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1989 Maserati Karif (less than 220 cars produced)

The Classic Road Collection Car

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  • The Classic Road Collection Car
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  • Fuel Type: Gas

The Maserati Karif (Tipo 339) is a luxury coupé produced by Maserati between 1988 and 1993. It was designed to be luxurious, but also sporty and agile to allow the driver to “feel like a racing driver again or for the first time”. At the car’s unveiling, Alejandro de Tomaso declared a very limited production run of 250 examples. Of these planned 250, only 222 were actually sold.

In a throwback to Maserati’s earlier naming practices for two-seater GTs, the car was named after the wind called “Karif”, which blows South West across the Gulf of Aden at Berbera, Somalia.

The Karif was built on the same shortened chassis as the Zagato-bodied Maserati Spyder model, adding a fixed notchback coupé roof. It used the most powerful Maserati Biturbo engine: the AM473, a 2.8 L 90° V6 engine with 3 valves per cylinder, producing 285 PS (210 kW) at 5500 rpm. According to Maserati the Karif could reach 100 km/h (62 mph) from a standstill in 4.8 seconds, and achieve a top speed of over 255 km/h (158 mph). Other sources claim 248 PS (182 kW), and 224 PS (165 kW) for the later catalyzed model. With these lower power outputs, claimed top speeds were 233 and 230 km/h (145 and 143 mph) respectively.

This extract from a Karif sales brochure gives one an idea of its appeal “The Maserati Karif: an exceptional road ‘animal’, an exciting driving experience, an invitation to feel like a racing driver again or for the first time: the subtle pleasure of feeling the throb of so many horses and of knowing you can control them”. It possessed all the luxury trimmings of the Biturbo and was based on the short wheelbase chassis, 2400mm compared to the Biturbo’s 2514mm, of Zagato’s pretty looking spyder, but with a fixed roof.The dashboard is upholstered in padded leather to protect the occupants’ head and knees in case of an accident.The interior of the Karif was same blend of hand-stitched leather and polished wood interior as the standard Biturbo but with a polished wood-rimmed steering wheel. The shorter wheelbase meant that the Karif was primarily a two-seater but there was seating in the rear for two young children. With the spare wheel stored under the boot and the battery in the engine bay (as with all Biturbos) there is plenty of luggage space, approx. 14 cu.ft., which makes this car the ideal tourer. Standard equipment included power steering, power-operated front seats, automatic air-conditioning system, electric windows and exterior rearview mirrors, central locking, remote power fuel cap and boot release, fully adjustable steering wheel, alloy wheels and a dash mounted luxury clock!! If the Karif was no design classic it was certainly no slouch for its twin-turbocharged 2.8-litre V6 produced some 285 bhp, without a catalytic convertor, giving it a top speed of over 155 mph. Sadly cars fitted with a catalytic convertor only developed 225 bhp (top speed 143 mph).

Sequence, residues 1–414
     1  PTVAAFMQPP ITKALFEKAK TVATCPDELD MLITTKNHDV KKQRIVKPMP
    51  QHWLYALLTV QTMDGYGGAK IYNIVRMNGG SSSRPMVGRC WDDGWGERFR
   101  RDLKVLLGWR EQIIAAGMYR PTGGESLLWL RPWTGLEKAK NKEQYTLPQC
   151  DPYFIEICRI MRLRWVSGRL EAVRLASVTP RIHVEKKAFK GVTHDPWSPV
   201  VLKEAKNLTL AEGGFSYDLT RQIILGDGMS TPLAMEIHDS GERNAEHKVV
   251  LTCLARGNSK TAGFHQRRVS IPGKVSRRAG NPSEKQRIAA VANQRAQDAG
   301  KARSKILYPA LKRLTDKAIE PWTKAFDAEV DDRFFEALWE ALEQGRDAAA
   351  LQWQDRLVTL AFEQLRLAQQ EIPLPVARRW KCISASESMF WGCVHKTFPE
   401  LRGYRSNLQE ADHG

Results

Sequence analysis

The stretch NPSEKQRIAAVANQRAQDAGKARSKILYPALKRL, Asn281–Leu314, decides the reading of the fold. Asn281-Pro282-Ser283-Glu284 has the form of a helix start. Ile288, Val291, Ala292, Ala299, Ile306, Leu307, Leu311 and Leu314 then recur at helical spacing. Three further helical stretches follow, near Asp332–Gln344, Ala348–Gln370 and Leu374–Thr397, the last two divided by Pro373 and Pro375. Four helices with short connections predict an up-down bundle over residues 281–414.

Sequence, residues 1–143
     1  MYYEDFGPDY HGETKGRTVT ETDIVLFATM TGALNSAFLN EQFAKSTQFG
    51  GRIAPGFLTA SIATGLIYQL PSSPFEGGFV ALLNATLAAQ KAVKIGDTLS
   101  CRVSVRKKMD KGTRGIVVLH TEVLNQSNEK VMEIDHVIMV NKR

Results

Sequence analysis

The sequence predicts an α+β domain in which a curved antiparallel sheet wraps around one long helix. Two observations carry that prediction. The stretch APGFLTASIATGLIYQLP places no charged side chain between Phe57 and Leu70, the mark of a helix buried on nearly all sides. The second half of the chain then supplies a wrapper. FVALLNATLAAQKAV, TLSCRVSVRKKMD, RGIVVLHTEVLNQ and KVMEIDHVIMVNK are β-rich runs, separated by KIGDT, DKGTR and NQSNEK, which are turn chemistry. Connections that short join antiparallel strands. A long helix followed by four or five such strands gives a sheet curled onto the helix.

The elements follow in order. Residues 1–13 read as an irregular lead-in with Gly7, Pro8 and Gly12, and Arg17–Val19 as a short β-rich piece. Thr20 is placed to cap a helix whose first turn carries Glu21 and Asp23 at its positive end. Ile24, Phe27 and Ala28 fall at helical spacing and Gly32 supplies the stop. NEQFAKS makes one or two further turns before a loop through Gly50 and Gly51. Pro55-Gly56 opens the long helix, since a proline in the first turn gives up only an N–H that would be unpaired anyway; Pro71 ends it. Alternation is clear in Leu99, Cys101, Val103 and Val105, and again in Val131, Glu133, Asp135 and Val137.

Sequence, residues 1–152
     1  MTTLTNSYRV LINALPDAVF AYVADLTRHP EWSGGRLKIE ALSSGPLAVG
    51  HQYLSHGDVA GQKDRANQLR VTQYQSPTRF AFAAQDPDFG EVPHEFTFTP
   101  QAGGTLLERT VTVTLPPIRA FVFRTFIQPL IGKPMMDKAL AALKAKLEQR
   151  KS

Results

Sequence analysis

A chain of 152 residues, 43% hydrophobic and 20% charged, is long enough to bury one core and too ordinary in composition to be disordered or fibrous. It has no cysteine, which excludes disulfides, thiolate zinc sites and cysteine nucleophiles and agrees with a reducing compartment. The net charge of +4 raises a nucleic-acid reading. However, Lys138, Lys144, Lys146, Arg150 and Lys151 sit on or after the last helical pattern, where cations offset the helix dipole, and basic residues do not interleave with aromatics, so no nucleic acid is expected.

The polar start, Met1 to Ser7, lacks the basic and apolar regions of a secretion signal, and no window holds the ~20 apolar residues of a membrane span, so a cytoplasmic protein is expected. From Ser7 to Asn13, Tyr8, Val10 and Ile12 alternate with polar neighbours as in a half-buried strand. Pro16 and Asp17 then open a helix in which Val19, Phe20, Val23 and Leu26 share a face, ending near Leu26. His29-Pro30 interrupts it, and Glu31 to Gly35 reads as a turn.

The Karif with its roof and the resultant stronger structure gave the car the extra torsional stiffness required to cope with the new, more powerful 285 bhp engine. This lack of torsional stiffness is the main reason why the later more powerful 24-valve engines were never installed in the Spyders.

The front suspension of the Karif was fitted with the new ‘Mecannica Attiva’ suspension system developed by Maserati. This mechanism used a system of interacting levers that ensured the front wheels not only remained completely square relative to the road surface, but that the lower supension and steering arms always remained parallel giving greater stability on cornering. Braking was upgraded with the use of floating calipers and ventilated discs.

The rear suspension consisted of semi-trailing arms mounted on a subframe with Bilstein hydraulic shock absorbers with coil springs. The handbrake operated two drum brakes in the centre of the rear discs.

A combination of high performance and rarity value, with only 221 cars produced, means the Karif is a sure bet to become highly collectable in the coming years and even if it doesn’t appreciate in value it will always be a “a great car to own and drive!” (Keith Woollard).

This particular car was delivered to Japan, where it spent its entire life until it was purchased by our company in December 2016. It was never crashed and comes with its original set of tools. It is believed to have been driven only 79.000 kms.

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